OK, being a big THE WARRIORS  fan, gotta ask James Remar shared any anecdotes on the set?

I’m a huge fan of THE WARRIORS as well, so yes it was very cool to have him on set. I mean he was Ajax! He would tell great stories about different films, and how the sets were, or working with different people. We all got a good kick out that.

What’s next for you?

I’m attached to a couple projects right now that I can’t really talk about, but I also did five feature films in a row, one a year basically, so I’m also enjoying taking a little time off, traveling and just plain relaxing!!

 And finally, your favorite flavor of cannoli? 

Question should be which flavor don’t I like. Thank you for the interview. I appreciate it.

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The Horror! The Horror! Our Top Eight Retro Reasons to Go to DAYS OF THE DEAD 2015

Posted on: Feb 4th, 2015 By:

pinheadWhat are we doing this weekend?! We’re heading down to the fourth annual Days of the Dead at Sheraton Hotel Atlanta, Friday-Sunday Feb. 6-8.

1) HELLRAISER REUNION! The sinister Cenobites may be masters and mistresses of inflicting a puzzling kind of pain, but we’ve met the actors who play them and can attest they are nastily nice. See Pinhead himself Doug Bradley, Valentina Vargas, Barbie Wilde, Nicholas Vince and Simon Banford together on one stage at noon on Saturday and signing all weekend.

2) ANGUS SCRIMM! Yup, it’s PHANTASM‘s one and only Tall Man. Hear him talk at 3 p.m. on Saturday.

3) RIFF RANDELL! Don’t tell Principal Togar but the one and only P.J. SOLES is back. Yeah, she’s been in HALLOWEEN, THE DEVIL’S REJECTS and other screamin’ festures, but to us she will always the rebel with a Ramones of a cause of ROCK N ROLL HIGH SCHOOL (1979). Oh, wait what the hell, Togar herself is going to be at Days of the Dead, too–yes, the amazing Mary Woronov. We are not worthy! Please send us to Detention now.

Rock_'n'_Roll_High_SchoolPoster4) THE DEVIL’S REJECTS!  Sid Haig, one of those rare B-movie icons and character actors whose career spans the decades from Jack Hill’s blaxploitation films of the 1970s to the chaotic, creepy Captain Spaulding. Quite frankly you and Bill Moseley scared the sh-t out of us in Rob Zombie‘s best neo-exploitation flick THE DEVIL’s REJECTS and since we’re not easily scared, for that we salute you both! Together again with fellow REJECTS William Forsythe, Leslie Easterbrook, Ginjer Lynn, PJ Soles, Mary Woronov, Duane Whitaker, Dave Sheridan and in his first son appearance Michael Alcott all on one stage at 1 p.m. on Saturday and signing all weekend.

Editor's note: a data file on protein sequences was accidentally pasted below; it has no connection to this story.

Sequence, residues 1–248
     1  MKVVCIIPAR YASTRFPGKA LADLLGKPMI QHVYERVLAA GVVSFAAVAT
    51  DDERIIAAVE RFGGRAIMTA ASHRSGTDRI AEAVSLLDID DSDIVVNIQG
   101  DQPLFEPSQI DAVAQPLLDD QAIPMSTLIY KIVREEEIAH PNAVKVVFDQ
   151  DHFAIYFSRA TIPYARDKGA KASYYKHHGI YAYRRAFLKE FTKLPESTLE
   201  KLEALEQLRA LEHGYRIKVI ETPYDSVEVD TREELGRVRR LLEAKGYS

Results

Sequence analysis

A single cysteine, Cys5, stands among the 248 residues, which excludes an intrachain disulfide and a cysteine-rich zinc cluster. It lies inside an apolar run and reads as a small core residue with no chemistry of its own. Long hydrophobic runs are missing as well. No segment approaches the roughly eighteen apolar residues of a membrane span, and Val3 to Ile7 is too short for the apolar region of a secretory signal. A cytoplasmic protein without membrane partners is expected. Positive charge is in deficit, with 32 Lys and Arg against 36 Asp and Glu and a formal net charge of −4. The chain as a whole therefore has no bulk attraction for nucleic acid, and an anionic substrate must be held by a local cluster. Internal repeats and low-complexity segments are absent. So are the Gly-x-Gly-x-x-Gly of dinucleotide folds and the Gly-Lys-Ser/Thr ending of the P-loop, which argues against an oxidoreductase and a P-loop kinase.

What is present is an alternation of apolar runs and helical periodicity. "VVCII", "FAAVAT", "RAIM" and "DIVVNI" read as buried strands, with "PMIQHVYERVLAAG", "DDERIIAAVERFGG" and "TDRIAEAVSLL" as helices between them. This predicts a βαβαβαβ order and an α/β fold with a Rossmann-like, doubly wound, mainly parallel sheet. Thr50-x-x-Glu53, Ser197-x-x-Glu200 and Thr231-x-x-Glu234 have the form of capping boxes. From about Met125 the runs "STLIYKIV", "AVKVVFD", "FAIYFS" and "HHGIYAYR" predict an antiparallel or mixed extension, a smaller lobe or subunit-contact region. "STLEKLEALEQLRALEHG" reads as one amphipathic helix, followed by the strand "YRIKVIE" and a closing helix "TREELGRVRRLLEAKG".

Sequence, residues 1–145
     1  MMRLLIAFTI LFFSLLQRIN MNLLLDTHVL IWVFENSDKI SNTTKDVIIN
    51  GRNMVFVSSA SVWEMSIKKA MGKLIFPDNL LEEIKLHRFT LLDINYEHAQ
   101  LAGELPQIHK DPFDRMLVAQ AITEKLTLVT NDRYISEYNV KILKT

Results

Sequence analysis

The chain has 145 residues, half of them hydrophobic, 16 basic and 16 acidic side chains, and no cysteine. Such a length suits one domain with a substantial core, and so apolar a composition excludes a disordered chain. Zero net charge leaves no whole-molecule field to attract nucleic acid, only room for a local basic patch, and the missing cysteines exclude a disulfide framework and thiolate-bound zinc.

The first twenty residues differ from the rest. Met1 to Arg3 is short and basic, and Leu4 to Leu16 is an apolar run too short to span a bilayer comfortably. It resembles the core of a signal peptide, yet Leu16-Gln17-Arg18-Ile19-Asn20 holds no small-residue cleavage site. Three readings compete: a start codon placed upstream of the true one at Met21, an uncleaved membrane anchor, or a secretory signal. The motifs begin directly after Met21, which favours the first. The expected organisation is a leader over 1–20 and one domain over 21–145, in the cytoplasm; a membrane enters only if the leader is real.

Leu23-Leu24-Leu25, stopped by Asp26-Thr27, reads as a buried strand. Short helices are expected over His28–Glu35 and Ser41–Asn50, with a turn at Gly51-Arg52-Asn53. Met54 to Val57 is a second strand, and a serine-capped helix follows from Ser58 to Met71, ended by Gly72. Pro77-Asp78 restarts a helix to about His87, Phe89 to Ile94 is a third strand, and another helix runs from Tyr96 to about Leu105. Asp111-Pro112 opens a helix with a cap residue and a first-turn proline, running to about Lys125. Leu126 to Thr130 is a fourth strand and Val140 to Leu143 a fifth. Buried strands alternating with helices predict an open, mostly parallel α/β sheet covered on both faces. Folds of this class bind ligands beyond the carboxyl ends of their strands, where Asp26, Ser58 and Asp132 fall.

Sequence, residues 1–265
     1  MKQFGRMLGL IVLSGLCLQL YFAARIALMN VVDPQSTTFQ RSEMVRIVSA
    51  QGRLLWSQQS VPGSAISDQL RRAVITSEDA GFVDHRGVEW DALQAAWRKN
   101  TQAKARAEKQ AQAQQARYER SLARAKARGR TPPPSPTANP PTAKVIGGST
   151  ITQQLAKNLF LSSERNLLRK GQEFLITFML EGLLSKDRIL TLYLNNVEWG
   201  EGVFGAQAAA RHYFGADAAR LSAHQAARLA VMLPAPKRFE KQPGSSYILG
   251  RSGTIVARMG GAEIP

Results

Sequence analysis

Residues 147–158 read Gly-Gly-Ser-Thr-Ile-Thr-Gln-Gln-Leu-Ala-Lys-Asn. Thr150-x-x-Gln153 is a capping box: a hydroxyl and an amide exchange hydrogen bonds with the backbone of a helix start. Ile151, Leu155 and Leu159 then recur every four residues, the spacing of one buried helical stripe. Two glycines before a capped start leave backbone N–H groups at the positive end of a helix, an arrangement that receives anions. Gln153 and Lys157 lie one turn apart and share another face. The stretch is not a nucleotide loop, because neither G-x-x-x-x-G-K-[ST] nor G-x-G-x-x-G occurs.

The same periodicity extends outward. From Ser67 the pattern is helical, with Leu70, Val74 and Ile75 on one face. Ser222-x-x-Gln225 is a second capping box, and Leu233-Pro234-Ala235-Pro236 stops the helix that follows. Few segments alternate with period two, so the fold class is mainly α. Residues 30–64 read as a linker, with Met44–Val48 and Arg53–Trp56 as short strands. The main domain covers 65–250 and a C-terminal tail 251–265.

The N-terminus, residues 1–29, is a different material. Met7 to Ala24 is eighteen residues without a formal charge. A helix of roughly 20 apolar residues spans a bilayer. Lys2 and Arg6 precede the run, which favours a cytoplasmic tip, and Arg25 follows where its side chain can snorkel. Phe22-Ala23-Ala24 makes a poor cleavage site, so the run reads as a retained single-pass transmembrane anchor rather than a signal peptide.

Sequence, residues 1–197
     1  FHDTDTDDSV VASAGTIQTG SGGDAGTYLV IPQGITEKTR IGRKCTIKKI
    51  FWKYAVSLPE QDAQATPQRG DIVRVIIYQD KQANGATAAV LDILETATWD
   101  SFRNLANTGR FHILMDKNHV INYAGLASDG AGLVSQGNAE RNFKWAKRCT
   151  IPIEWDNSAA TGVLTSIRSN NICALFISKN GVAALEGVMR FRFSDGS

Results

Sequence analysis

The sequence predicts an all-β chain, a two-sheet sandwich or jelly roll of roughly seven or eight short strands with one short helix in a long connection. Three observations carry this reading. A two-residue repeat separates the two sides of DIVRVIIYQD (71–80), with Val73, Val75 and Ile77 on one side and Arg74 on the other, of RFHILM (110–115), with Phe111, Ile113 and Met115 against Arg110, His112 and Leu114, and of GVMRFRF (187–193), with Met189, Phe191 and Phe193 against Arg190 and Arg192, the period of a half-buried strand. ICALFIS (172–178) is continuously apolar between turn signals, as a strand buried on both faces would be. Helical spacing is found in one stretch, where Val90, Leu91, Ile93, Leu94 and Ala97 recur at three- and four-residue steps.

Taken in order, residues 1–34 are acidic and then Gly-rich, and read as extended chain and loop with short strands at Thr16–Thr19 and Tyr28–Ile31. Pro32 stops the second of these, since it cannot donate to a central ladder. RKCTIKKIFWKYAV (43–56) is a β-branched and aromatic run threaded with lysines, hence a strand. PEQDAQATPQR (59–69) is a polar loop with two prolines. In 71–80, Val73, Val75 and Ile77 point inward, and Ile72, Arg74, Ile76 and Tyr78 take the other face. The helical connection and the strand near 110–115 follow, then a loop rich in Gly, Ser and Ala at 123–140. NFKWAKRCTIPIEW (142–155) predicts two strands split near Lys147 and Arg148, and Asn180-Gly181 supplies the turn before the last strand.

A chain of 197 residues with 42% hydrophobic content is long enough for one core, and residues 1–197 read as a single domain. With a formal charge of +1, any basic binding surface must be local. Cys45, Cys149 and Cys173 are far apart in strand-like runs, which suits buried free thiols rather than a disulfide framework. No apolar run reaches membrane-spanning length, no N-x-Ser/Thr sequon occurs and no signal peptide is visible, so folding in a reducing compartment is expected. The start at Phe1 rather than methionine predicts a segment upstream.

5) BUTCH PATRICK 50Th ANNIVERSARY APPEARANCE. Yes, it’s really been 50 years since THE MUNSTERS debuted on American TV. Little Eddy Wolfgang Munster himself is back.

6) DAVID NAUGHTON! KANE HODDER! TONY TODD! COREY FELDMAN! JAMISON NEWLANDER! JOHN DUGAN! JOHN KASSIR! MORE! The guest list just seems to go on and on with Retro-horror goodness including the original AMERICAN WEREWOLF IN LONDON, our favorite Jason Voorhees, the man who mixes it with love and makes the world taste scary, the Frog Brothers that sucked it up to THE LOST BOYS, a certain “Granpa” with a Texas chainsaw, and the man whose voice creeped us out so many times hosting TV’s TALES FROM THE CRYPT, and more stars of horror now and then.

6) SPOOKTACULAR SHOPPING  Horror cons are the perfect place to stock up on both macabre movie memorabilia, cult classics on DVD and creepy clothing, costumes and accessories. Vendors include Kool Kat Kyle Yaklin, master of the Creature From the Black Lagoon mask and suit.

the_devil__s_rejects_clown_by_emomickeymouse-d33m0007) MACABRE MAKE-UP, CREEPY COSTUMES, CREEPY CARNEY ACTS AND PHANTAMAGORIC PARTIES!! Check the schedule for make-up demonstrations, VIP parties, Monsters Among You Wicked Costume Showdown Saturday night at 10 pm followed by the Monster Ball. On Friday night, learn SFX make-up and costuming from elite level costumers at the 9 p.m. Monsters Among You: Origins panel, followed by a frightening Friday Night Party featuring Circus Envy and the Deadly Sins, the sideshow antics of Captain and Maybelle, karoake with celebrity guests Felissa Rose (SLEEPAWAY CAMP) and prolific scream queen Tiffany Shepis, who also recently starred in ATTACK OF THE MORNINGSIDE MONSTER, made by Kool Kats Jayson Palmer and Chris Ethridge.

8) FRIGHTENING FILMS! Lead actor Dave Sheridan hosts an exclusive sneak preview of zombie comedy THE WALKING DECEASED with cast & director Q&A and free giveaways at 6 p.m. on Saturday. Throughout the weekend from 5 p.m. Friday through 4 p.m. Sunday, the JABB 48-hour film festival  ranges from a shorts block on Friday to 1980s Saturday morning cartoon favorites to acclaimed, hard-to-see indie horror features such as Ryan Lieske‘s ABED (Sun. 3 p.m.), awarded 2013 Best Feature at Atlanta’s Buried Alive Film Festival and based on the Elizabeth Massie zombie short story.

Days of the Dead main con hours are Fri. Feb. 7 from 5 to 11 p.m.; Sat. Feb. 8 from 11 a.m. to 7 p.m.; and Sun. Feb. 9 11 a.m. to 5 p.m., with parties going late into the night on Friday and Saturday. For more info, visit http://www.daysofthedead.net/atlanta/.

 

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Kool Kats of the Week: Atlanta Filmmakers Jayson Palmer and Chris Ethridge Raise THE MORNINGSIDE MONSTER, World Premiere at Plaza Theatre

Posted on: Jan 9th, 2014 By: